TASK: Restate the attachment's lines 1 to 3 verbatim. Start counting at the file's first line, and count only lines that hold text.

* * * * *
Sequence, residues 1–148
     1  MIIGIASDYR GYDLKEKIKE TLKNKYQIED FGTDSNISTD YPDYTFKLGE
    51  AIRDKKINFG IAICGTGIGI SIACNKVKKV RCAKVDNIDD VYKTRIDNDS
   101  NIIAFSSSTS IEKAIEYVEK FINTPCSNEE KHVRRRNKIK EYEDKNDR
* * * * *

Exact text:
Sequence, residues 1–148
     1  MIIGIASDYR GYDLKEKIKE TLKNKYQIED FGTDSNISTD YPDYTFKLGE
    51  AIRDKKINFG IAICGTGIGI SIACNKVKKV RCAKVDNIDD VYKTRIDNDS